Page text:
About Jesus      Steve Sweetman

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ch. 4:1-17   ch. 4:18-31

Signs For Moses (ch. 4:1 - 17)


The conversation between God and Moses continues in chapter 4, verse 1.  Moses is reluctant to do as God says.  He now asks God, "what if they do not believe me or listen to me and say, 'the Lord did not appear to you?'"  Once again, this is a legitimate response.  Why would Israel listen to a man who has been away from them for so long?  It is only common sense.  Many scholars really feel that Moses really doesn't want to do what God tells him to do and so he is trying to get out of it.  That may be so, but, the objections that he raises are worth considering, and God does just that.


God's response to Moses objection is found in verses 2 through 5.  God asks Moses what is in his hand.  Moses says that he is holding a staff.  God tells him to throw the staff on the ground, which Moses does.  The staff becomes a snake, that frightens Moses, so he steps back.  God then tells Moses to pick the snake up by the tale, which he does.  The snake turns back into a staff.  God tells Moses that when Israel sees this miracle, they will believe that you have been sent by the God of their forefathers.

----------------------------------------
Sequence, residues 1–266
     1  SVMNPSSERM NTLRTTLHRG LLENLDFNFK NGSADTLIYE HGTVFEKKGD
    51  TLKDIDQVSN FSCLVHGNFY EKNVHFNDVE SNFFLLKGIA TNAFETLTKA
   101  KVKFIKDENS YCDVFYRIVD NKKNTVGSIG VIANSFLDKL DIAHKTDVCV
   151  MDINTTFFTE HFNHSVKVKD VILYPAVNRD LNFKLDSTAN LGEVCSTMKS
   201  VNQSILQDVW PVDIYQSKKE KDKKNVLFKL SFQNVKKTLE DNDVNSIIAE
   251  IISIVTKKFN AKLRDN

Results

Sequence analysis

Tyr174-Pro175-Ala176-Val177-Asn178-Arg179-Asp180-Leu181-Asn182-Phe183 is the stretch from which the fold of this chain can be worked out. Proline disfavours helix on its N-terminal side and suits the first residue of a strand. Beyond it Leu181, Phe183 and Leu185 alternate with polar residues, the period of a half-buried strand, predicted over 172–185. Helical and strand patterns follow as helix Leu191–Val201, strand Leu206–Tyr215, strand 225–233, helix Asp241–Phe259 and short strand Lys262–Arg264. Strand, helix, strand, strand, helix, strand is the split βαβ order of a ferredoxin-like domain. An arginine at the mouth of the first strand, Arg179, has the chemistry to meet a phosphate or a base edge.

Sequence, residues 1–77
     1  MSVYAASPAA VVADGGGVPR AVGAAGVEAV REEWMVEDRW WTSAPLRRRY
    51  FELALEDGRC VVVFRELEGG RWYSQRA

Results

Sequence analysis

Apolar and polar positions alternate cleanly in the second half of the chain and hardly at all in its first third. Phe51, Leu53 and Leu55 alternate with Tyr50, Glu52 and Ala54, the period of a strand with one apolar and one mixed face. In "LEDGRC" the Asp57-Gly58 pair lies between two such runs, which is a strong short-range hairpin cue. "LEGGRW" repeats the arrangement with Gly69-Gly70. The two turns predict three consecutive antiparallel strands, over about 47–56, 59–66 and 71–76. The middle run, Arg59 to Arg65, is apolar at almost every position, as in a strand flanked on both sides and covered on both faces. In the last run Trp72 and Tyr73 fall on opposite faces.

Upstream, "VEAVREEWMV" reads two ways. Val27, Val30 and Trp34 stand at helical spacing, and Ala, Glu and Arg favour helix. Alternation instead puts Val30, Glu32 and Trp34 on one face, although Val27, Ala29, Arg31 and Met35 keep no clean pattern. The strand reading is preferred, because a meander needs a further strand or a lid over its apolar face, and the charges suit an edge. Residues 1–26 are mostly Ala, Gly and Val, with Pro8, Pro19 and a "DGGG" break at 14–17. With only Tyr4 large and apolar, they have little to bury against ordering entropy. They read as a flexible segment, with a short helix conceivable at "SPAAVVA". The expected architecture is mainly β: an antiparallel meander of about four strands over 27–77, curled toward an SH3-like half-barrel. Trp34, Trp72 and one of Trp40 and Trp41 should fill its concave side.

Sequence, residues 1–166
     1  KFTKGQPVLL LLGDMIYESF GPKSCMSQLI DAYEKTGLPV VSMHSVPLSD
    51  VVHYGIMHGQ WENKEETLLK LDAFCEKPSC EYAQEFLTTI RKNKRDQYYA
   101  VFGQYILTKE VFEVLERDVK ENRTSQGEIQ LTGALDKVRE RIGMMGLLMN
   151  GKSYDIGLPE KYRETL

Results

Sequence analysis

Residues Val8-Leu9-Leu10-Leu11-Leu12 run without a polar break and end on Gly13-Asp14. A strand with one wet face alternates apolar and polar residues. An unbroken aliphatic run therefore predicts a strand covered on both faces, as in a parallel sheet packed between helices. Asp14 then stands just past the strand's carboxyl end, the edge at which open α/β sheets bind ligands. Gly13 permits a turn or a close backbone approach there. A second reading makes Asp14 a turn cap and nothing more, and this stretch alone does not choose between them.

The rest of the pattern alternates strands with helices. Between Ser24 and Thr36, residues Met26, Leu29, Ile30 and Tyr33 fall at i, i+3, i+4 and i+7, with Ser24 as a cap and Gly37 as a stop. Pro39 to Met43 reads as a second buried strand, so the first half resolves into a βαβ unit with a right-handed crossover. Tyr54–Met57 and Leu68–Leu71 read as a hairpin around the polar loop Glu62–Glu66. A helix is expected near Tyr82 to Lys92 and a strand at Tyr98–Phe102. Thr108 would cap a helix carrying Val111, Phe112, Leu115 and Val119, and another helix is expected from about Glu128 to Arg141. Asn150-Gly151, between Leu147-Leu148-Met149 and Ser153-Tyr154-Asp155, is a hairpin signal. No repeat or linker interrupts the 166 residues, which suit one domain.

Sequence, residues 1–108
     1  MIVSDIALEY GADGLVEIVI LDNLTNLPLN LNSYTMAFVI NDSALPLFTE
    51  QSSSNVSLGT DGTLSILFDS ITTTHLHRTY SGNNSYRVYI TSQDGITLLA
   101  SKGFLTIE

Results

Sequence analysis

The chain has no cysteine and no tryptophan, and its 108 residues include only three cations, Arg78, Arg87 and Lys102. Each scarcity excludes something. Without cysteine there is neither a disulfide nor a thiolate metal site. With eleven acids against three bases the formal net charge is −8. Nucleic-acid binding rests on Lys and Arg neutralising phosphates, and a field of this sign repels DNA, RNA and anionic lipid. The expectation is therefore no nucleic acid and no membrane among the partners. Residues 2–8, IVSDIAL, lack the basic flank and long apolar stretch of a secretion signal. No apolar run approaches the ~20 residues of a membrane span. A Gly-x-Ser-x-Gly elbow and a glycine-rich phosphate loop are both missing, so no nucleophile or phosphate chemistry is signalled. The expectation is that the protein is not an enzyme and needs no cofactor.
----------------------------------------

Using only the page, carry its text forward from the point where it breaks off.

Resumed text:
This was a test for Moses in the sense that when you pick up a snake, you don't pick it up by the tales, but this is what God told Moses.


The miracles of Jesus in New Testament times were meant to do the same.  They were to be a sign that God had sent Jesus to Israel , yet even with these miraculous signs, Israel as a whole did not believe that God had sent Jesus. 


In verses 6 and 7 God provides Moses with yet another miracle.  He told Moses to put his hand inside his coat, and as he did, his hand became filled with leprosy.  When he put his hand back into his coat, his hand became normal again.


In verses 8 through 10 we see that there might be the possibility that Israel would not believe or listen to Moses even with the above two miracles.  God even admitted that possibility.  So God provided another miracle.  He told Moses that as this happens, he should take water from the Nile River , pour it on the ground, and it would turn to blood.  I would think the sight of blood might persuade Israel that God had sent Moses to them.